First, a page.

I was, and still am, a bit trepidatious about the market. It’s common knowledge that tourists and expats will usually be charged more than locals in markets. I don’t mind that as long as it’s not outrageously more than the local price. But the interesting thing I’ve noticed in Bac My An is that the stall holders at one end of the market, the eastern end, are almost uniformly pleasant, smiling and charge me pretty close to what they probably charge the locals (ok, call me naive). I can’t prove that, without recruiting a local to go around and buy the same as me, and compare prices, but I always feel that the price is very reasonable. However, at the western end of the market the stall holders seem intent on trying to gouge a lot more out of me for the same produce. I stress that this is just my impression, based on a small number of visits and interactions.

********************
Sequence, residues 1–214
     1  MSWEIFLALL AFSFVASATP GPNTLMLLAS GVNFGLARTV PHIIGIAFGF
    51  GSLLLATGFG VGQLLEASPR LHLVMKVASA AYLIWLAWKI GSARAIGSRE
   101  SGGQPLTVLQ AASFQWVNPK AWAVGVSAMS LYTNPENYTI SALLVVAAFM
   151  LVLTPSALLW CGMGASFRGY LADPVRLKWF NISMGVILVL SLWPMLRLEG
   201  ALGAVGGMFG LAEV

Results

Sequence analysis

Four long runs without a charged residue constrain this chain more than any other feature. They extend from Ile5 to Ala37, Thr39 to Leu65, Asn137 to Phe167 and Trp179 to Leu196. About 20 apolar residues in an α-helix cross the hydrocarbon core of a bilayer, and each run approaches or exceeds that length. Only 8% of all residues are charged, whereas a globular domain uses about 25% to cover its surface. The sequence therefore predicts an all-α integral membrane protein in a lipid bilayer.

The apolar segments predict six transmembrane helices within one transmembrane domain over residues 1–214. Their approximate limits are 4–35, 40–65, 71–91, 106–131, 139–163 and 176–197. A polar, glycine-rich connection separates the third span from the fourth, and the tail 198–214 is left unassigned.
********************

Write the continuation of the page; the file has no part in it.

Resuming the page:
Today, at the east end of the market, I bought a hand of bananas (15,000 dong, about A$1), two dragon fruit (25,000 dong, about A$1.50), two mangoes (20,000 dong, about A$1.25), four potatoes and 5 tomatoes (25,000 dong, about A$1.50). All with very pleasant interactions and a few giggles as I tried to slowly translate “hai mươi lăm” and “mười lăm” (25 and 15 respectively, which means the price is 25,000 and 15,000 dong). I’m sure a longer term, more street savvy resident could have got the prices down, and a Vietnamese person would pay less again. I don’t bother to haggle, though I have given the bag back and walked away when I thought the price was outrageous.  To me, the prices I paid today are still bloody cheap, and I’m more than happy to keep buying from those stalls.